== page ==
I have done research in psychiatry since 2007 and have uploaded my credentials in relation to this specialty on my website, scientificfreedom.dk (see under About, Staff). Briefly, I have had five PhD students in psychiatry; have been an expert witness in seven psychiatric court cases in seven countries; have received 12 awards or other academic honours; have published nine books or book chapters; have published 30 papers in medical journals with peer review and 128 other papers; and have given over 200 lectures at meetings and courses.
It took me years of close study to find out that the bottom line of psychiatry is that it does more harm than good,1,5-8 which is also what the general public tells us.12 This makes the specialty unique, and the term “psychiatric survivor” says it all.8 In no other medical specialty do some patients call themselves survivors in the sense that they survived despite being exposed to that specialty. They fought hard to find their way out of a system that is rarely helpful, and which many survivors have described as psychiatric imprisonment, or a facility where there is a door in, but not a door out.
In other medical specialties, the patients are grateful that they survived because of the treatments their doctors applied to them. We have never heard of a cardiology survivor or an infectious disease survivor. If you survive a heart attack, you are not tempted to do the opposite of what your doctor recommends, but in psychiatry, as you will see in this book, you might die or get permanently disabled if you do what your doctor tells you to do.
Many psychiatric survivors have described how psychiatry, with its excessive use of harmful and ineffective drugs, has stolen 10 or 15 years of their life before they one day decided to take the responsibility for their life back from their psychiatrists and discovered that life is much better without drugs. They often say that what woke them up was that they read some of the books about psychiatry by psychiatrists David Healy,2 Joanna Moncrieff,3,4 or Peter Breggin,11 or by science journalist Robert Whitaker1,5 or me.6-8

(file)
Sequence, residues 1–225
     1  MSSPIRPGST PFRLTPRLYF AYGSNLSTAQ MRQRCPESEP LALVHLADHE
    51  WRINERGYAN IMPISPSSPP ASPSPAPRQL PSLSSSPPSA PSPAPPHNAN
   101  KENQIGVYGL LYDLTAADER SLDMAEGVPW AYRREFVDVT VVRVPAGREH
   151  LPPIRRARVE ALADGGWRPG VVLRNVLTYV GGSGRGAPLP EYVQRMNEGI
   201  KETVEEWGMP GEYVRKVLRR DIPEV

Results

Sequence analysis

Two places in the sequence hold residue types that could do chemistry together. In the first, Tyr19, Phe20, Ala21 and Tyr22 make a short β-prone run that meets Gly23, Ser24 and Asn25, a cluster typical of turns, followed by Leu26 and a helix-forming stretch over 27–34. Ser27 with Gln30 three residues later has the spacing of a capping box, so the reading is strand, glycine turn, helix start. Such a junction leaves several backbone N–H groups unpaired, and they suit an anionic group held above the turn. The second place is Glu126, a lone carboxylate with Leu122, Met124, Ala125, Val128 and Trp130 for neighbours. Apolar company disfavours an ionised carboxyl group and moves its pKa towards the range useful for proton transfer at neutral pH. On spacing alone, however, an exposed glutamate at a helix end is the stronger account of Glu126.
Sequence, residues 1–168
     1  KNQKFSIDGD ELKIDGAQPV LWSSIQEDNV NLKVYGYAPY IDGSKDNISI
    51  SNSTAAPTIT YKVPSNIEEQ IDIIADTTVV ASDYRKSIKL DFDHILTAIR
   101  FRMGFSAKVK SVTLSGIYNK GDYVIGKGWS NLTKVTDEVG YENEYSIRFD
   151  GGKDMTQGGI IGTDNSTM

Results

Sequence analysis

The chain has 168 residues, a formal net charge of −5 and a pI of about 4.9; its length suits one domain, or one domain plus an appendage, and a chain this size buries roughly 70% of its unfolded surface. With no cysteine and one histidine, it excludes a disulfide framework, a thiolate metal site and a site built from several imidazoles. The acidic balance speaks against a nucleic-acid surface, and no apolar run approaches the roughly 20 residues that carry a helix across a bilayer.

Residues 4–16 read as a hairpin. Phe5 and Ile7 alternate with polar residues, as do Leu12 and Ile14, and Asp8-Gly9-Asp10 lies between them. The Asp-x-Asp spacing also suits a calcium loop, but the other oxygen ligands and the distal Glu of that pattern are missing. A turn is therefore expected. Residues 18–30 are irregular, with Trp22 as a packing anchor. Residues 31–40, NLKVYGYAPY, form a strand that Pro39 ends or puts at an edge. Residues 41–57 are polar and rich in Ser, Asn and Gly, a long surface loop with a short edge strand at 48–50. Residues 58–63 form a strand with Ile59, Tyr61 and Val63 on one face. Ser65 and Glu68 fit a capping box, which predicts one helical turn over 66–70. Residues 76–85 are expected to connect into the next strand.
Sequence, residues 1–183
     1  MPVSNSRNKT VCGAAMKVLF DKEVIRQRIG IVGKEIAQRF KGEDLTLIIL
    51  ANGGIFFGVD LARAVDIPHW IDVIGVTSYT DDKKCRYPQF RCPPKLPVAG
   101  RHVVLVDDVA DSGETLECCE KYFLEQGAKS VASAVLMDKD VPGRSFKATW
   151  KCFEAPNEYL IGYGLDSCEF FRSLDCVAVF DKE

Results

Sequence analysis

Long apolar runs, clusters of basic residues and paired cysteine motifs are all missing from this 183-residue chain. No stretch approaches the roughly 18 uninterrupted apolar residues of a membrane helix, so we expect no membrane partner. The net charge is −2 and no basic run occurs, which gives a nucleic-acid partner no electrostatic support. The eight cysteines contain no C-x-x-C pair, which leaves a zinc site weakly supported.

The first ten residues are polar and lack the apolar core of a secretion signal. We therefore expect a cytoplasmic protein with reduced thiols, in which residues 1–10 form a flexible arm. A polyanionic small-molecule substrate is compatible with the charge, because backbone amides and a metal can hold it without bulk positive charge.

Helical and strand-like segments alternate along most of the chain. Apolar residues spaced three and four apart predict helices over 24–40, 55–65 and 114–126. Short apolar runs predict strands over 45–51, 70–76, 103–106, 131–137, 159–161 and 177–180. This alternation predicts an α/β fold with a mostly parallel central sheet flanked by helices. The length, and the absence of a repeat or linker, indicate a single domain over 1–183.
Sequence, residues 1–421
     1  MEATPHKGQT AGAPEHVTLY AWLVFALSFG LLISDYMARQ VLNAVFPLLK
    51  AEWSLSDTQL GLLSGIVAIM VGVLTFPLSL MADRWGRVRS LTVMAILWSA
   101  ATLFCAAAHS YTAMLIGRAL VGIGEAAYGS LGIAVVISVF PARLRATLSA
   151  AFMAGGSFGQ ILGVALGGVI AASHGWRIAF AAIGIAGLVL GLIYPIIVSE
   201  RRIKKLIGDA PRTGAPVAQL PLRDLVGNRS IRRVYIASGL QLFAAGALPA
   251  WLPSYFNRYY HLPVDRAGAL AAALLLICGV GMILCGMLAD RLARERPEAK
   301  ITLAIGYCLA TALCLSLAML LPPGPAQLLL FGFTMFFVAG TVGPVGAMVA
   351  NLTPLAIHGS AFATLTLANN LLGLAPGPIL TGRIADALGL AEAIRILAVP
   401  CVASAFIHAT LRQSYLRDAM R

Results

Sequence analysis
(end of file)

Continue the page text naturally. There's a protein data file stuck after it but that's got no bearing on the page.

In 2014, Norwegian psychiatrists wrote about what they called an “alarmingly high discontinuation” rate of psychosis pills in patients with schizophrenia, 74% in 18 months.13 The psychiatrists argued it highlighted “the clinicians’ need to be equipped with treatment strategies that optimize continuous antipsychotic drug treatment.” If the psychiatrists had listened to their patients, they would have realised that these drugs should be avoided as long-term therapy.
When students have passed their exams, they will defend tooth and nail what they have learned. It is a curious trait of human psychology that once you have made up your mind, even when you were in serious doubt, you will vigorously defend your position when someone proves that the other option was the correct one.14
University textbooks are therefore a powerful tool for indoctrination–for arriving at the “right opinion” even when it is wrong. As an example, 21 out of 36 textbooks (58%) used by students in the Netherlands that discuss brain anatomy have sections on ADHD (attention deficit hyperactivity disorder) with inappropriate generalisations or ambiguous claims.15
Leading psychiatrists and their organisations rather consistently propagate misinformation in lectures, in the media, on websites, and in scientific articles.1-8 You may wonder if this is really true. Sadly, it is, but more and more critical psychiatrists have realised this and work on changing psychiatric practices. I am a member of the most important group, Critical Psychiatry Network founded by Joanna Moncrieff and based in the UK. We exchange ideas daily on an email list and discuss how we may contribute to reforming psychiatry.
In 2021, I got the idea that if I read and assessed the most commonly used textbooks in Denmark and wrote my own textbook explaining what was wrong with the other ones, this could be an eye opener for students everywhere. Danish textbooks would not be expected to be any different to those in other countries because mainstream psychiatry is the same in all countries. I hope other researchers will analyse the textbooks used in their country like I have done.
When reading books, it can be difficult to find out what is not there but should have been mentioned. Before I started reading, I therefore described in a protocol what I believe should be mentioned in psychiatric textbooks.